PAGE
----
Marking fees are annual charges that commoners pay for each of the animals they keep on the Forest. The fees contribute towards the costs of managing the Forest. They’re called marking fees because the Agisters mark each animal to show it’s been paid for.
The Agisters mark ponies and cattle by cutting their tail hairs in a certain way. A year later, when the fees have to be paid again, the tail hairs will have grown out, so the Agisters can mark the animals again.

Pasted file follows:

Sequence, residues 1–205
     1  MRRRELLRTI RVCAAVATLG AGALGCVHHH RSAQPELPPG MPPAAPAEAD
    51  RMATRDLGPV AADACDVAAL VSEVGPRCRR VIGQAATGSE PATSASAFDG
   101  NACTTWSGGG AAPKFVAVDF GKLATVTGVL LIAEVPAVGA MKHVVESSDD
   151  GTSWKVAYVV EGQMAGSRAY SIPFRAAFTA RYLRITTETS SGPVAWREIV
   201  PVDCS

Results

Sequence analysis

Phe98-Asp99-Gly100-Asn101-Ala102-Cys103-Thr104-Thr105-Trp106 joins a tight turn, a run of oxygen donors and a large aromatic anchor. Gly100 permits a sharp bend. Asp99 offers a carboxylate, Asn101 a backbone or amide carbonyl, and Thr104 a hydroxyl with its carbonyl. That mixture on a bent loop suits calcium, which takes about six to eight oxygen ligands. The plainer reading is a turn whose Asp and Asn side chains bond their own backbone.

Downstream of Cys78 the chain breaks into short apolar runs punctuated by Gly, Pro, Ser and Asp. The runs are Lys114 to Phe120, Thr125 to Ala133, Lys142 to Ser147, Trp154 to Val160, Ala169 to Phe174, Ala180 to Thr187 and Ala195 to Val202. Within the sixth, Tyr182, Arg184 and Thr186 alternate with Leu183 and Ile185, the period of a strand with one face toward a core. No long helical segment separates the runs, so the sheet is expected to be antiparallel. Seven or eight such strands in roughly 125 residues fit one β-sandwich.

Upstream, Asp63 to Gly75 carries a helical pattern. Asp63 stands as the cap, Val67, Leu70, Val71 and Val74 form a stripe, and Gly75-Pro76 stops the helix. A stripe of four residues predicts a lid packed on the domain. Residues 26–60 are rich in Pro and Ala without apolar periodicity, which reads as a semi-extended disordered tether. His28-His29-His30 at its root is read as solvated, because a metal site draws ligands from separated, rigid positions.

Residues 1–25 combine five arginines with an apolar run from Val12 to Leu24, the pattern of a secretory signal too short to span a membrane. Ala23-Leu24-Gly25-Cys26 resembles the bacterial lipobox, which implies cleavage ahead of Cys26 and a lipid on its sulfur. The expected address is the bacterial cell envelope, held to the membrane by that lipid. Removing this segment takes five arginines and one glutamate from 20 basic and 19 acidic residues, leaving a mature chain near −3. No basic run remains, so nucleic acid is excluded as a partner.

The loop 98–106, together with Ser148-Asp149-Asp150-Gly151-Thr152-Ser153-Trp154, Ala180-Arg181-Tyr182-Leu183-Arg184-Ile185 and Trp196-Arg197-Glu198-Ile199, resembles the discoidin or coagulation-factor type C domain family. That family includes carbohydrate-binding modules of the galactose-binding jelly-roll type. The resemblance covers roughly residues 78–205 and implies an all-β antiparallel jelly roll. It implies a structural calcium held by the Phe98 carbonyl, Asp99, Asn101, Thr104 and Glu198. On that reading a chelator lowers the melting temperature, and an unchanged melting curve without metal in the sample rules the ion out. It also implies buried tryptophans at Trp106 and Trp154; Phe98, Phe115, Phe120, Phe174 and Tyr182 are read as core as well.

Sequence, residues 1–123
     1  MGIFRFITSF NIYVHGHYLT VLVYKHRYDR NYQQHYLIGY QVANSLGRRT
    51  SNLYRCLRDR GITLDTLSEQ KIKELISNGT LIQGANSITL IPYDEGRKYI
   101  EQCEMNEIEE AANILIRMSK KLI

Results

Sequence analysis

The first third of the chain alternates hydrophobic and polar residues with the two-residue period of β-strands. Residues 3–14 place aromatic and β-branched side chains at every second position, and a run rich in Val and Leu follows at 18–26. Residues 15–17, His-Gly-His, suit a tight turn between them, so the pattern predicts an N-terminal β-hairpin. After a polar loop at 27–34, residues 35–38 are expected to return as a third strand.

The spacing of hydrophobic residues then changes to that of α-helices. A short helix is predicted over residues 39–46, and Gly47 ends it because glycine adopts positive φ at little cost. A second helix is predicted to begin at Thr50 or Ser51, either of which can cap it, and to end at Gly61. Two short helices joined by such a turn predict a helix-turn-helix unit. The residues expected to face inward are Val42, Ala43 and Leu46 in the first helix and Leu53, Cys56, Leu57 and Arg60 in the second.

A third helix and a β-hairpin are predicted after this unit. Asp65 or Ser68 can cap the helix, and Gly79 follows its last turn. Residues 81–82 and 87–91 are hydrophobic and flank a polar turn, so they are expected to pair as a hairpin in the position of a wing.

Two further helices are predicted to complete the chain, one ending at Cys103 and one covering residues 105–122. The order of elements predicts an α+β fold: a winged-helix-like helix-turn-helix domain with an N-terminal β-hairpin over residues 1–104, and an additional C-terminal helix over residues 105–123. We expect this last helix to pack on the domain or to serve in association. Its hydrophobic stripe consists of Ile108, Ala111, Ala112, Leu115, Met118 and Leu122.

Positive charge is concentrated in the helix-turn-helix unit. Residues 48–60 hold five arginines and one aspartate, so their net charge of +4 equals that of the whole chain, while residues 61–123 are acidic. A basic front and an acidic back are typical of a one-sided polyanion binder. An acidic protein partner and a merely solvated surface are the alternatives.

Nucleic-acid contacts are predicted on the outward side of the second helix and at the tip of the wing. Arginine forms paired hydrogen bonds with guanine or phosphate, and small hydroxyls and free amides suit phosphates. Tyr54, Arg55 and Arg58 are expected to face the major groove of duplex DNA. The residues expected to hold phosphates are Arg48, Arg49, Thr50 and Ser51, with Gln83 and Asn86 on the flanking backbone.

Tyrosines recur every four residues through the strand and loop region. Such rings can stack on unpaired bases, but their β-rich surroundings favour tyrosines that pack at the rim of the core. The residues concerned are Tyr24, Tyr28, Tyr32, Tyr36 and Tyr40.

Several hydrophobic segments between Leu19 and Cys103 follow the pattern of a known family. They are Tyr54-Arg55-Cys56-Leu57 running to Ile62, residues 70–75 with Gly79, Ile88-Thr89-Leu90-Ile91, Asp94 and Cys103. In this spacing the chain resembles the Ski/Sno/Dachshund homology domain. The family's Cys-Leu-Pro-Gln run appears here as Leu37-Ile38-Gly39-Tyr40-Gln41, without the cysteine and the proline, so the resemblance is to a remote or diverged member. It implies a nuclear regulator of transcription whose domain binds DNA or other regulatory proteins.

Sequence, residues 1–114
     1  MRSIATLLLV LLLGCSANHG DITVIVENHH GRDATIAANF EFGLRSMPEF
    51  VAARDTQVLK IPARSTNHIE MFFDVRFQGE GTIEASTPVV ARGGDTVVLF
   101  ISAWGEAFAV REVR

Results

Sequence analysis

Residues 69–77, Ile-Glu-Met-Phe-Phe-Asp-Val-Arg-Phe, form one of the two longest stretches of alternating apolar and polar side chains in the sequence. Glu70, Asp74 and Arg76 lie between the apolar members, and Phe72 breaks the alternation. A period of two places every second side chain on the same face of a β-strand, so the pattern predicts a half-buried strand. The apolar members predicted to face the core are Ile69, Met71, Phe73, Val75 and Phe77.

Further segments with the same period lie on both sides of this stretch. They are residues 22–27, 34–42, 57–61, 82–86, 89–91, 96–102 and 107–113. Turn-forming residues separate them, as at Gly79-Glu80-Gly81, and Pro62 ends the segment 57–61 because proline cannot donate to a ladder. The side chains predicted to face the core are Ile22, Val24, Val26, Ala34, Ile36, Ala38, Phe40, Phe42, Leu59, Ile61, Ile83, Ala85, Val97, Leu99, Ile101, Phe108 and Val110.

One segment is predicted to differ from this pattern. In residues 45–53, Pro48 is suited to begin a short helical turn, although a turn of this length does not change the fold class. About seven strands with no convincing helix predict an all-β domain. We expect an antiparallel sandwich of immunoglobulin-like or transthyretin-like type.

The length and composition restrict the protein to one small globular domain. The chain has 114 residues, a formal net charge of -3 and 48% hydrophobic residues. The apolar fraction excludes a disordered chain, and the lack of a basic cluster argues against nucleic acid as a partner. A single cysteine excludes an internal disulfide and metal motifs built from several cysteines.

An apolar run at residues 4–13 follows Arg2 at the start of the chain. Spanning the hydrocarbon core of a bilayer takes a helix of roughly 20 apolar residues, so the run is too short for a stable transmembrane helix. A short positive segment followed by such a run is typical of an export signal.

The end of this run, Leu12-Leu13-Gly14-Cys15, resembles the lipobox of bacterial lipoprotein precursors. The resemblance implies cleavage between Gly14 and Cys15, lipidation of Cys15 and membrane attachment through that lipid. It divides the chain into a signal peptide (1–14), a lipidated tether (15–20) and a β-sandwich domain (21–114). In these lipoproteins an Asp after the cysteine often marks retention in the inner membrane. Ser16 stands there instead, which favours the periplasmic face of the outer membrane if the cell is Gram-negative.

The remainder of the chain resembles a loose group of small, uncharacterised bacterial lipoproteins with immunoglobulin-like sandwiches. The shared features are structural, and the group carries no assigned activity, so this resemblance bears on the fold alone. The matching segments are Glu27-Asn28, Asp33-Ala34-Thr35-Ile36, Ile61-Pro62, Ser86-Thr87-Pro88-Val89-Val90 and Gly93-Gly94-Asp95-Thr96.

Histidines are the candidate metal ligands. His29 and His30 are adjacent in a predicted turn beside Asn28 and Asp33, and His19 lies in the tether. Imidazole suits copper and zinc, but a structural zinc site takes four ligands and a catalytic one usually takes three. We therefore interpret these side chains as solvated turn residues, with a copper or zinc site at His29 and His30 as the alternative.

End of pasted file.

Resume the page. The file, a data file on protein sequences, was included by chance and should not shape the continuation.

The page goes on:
One of the jobs of an Agister is to collect the marking fees in their area, and to make sure that commoners don’t turn out animals without paying. The records of marking fees are kept by the Verderers (see V), so it’s possible to see how many cows, pigs, ponies and sheep have been turned out over the years.